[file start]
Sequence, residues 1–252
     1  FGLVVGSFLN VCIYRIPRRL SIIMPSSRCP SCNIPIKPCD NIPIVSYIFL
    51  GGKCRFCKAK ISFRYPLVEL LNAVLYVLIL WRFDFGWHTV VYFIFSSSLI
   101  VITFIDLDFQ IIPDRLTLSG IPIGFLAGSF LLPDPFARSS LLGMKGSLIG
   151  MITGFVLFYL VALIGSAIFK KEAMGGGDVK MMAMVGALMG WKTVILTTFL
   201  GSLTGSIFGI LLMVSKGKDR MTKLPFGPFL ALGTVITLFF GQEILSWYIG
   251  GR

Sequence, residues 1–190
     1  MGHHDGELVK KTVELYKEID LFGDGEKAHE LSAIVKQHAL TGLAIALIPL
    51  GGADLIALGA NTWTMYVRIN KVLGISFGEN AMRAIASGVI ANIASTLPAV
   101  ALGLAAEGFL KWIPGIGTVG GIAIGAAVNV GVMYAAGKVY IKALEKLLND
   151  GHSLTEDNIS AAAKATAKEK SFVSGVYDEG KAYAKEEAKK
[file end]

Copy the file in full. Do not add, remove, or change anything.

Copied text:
Sequence, residues 1–252
     1  FGLVVGSFLN VCIYRIPRRL SIIMPSSRCP SCNIPIKPCD NIPIVSYIFL
    51  GGKCRFCKAK ISFRYPLVEL LNAVLYVLIL WRFDFGWHTV VYFIFSSSLI
   101  VITFIDLDFQ IIPDRLTLSG IPIGFLAGSF LLPDPFARSS LLGMKGSLIG
   151  MITGFVLFYL VALIGSAIFK KEAMGGGDVK MMAMVGALMG WKTVILTTFL
   201  GSLTGSIFGI LLMVSKGKDR MTKLPFGPFL ALGTVITLFF GQEILSWYIG
   251  GR

Sequence, residues 1–190
     1  MGHHDGELVK KTVELYKEID LFGDGEKAHE LSAIVKQHAL TGLAIALIPL
    51  GGADLIALGA NTWTMYVRIN KVLGISFGEN AMRAIASGVI ANIASTLPAV
   101  ALGLAAEGFL KWIPGIGTVG GIAIGAAVNV GVMYAAGKVY IKALEKLLND
   151  GHSLTEDNIS AAAKATAKEK SFVSGVYDEG KAYAKEEAKK